- Bogart, Charles H.
- Ship histories and stories, WWII operations
- RAN Ships
- HMAS Yarroma, HMAS Sea Mist, HMAS Kuttabul
- June 1985 edition of the Naval Historical Review (all rights reserved)
Returning to Penang at the end of December 1943, I27 again entered a period of overhaul. While she had been at sea, Sub Ron 8 had been reinforced by the arrival of two submarines RO110 and RO111 plus the return of I162, I165 and I166. Sub Ron 8 was now at its greatest strength.
The Indian Ocean submarine campaign had been a battle between independently routed merchant ships and individual hunting submarines. Due to a lack of escorts, since the Atlantic, Mediterranean and Pacific all had a higher priority, ships in the Indian Ocean sailed without an anti-submarine vessel protecting them. As the Indian Ocean area was also at the bottom of the list for allocation of merchant ship tonnage, it was believed that more cargo moving time would be lost by holding ships until a convoy could be formed, than it actually lost to marauding submarines. The Indian Ocean was thus never the scene of convoys, battling undersea wolf packs. With a new load of torpedoes Commander Fakumura took I27 back to sea at the end of January 1944. His patrol area this time was to be the Arabian Sea. Off the Maldive Islands in One and Half Degree Channel I27 on 12 February 1944 found a five ship troop convoy escorted by the light cruiser Hawkins and destroyers Petard and Paladin. The convoy had sailed from Kiwindini and was bound for Colombo. Slipping past the escorts, I27 fired a salvo of torpedoes at the 7,513 ton transport Khedive Ismail. So destructive was the attack that 1,134 of the 1,324 troops on board Khedive Ismail were lost along with 137 of 183 man crew. Lost among the troops were a number of WRENs and ‘an entire field regiment’. I27’s triumph was short lived for she was quickly taken under attack by Petard and Paladin and sunk. Thus was killed Commander Fukumura and the crew of I27 one day after RO110 was sunk in the Bay of Bengal, attacking a convoy. I27 was the 53rd submarine lost by the Imperial Navy since the start of the war.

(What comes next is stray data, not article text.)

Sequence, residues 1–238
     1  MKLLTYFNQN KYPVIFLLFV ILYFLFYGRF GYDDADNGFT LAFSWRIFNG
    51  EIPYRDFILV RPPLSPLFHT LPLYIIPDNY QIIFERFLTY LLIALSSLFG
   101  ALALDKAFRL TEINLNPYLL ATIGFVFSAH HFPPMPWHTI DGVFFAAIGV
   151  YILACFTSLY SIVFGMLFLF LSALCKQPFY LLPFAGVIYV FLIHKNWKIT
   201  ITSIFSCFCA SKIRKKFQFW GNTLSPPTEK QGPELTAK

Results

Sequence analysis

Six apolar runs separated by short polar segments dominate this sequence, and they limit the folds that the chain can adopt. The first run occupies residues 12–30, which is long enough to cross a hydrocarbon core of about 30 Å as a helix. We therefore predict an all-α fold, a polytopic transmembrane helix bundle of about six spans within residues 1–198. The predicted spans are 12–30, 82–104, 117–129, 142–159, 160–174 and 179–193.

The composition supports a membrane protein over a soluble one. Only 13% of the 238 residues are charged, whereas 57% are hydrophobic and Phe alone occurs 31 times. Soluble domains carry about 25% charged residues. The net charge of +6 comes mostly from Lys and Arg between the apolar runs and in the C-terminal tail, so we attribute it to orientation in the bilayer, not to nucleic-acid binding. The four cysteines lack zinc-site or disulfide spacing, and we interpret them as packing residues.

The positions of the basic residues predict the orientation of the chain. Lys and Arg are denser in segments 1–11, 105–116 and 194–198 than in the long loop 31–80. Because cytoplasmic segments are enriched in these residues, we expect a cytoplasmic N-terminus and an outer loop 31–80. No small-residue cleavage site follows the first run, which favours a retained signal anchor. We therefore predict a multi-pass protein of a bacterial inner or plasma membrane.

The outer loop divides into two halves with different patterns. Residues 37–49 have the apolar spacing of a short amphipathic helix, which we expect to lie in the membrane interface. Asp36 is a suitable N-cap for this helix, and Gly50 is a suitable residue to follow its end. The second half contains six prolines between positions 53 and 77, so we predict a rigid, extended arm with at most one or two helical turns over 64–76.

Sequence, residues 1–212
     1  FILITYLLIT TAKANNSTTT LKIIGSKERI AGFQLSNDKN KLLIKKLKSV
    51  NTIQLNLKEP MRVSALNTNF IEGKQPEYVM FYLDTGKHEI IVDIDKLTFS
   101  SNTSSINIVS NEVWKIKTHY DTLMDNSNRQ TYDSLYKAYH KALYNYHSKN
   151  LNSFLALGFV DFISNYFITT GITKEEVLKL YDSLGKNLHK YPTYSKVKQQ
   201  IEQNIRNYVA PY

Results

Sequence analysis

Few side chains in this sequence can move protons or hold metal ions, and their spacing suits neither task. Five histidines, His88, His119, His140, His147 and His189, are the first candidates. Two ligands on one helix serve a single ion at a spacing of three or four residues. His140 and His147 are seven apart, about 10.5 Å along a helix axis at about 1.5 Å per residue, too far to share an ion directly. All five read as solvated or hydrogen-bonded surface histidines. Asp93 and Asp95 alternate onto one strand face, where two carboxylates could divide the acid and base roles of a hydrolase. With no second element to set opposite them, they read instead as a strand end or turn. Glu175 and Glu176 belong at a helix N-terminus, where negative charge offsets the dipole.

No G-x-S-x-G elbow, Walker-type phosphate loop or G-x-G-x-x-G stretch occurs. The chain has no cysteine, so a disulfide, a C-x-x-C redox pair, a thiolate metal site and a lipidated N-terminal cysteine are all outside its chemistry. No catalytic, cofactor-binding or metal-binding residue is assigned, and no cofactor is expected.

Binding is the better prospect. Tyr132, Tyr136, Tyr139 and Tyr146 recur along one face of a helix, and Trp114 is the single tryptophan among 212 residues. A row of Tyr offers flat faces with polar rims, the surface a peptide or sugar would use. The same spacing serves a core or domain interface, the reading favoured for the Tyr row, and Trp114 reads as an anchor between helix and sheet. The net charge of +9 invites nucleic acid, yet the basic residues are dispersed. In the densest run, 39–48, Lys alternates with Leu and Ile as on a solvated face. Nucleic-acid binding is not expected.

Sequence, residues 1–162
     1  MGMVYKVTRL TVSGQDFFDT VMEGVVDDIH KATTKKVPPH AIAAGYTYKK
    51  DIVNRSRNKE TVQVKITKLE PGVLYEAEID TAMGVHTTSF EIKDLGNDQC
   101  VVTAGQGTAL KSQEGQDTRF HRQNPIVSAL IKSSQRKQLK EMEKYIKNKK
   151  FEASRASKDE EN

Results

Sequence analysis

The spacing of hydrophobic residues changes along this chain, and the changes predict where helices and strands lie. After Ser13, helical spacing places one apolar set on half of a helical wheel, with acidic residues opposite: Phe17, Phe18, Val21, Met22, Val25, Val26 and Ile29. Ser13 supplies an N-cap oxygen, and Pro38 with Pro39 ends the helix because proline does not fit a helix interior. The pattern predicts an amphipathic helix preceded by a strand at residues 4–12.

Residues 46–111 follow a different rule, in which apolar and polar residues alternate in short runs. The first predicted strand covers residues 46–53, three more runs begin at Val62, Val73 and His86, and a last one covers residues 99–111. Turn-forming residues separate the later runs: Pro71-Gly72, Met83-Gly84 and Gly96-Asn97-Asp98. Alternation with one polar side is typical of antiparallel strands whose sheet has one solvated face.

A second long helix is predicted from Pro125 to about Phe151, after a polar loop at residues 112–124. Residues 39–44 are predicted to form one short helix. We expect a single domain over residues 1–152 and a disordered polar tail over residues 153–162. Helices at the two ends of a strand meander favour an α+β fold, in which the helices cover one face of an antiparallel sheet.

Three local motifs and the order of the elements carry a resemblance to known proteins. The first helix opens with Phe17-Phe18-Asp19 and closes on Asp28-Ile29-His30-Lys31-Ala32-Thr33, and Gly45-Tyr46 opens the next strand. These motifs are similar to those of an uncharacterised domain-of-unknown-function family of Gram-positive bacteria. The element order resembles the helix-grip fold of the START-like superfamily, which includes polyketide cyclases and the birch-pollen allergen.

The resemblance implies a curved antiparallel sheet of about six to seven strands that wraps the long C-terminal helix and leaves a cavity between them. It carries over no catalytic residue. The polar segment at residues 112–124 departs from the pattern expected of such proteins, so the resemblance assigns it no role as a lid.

The Japanese submarine war in the Indian Ocean was soon to die. Events in the Pacific were forcing the Imperial Navy to draw their strength homeward as the Allies advance through the Pacific began to near the Home Islands. The last Japanese submarine to sink a ship in the Indian Ocean was RO113, which sank the British steamer Marion Moller off Ceylon on 5 November 1944.
In all during her career I27 sank 12 ships of 67,595 tons and damaged 3 ships of 21,281 tons. She thus ranks as among the most successful of the Japanese submarines.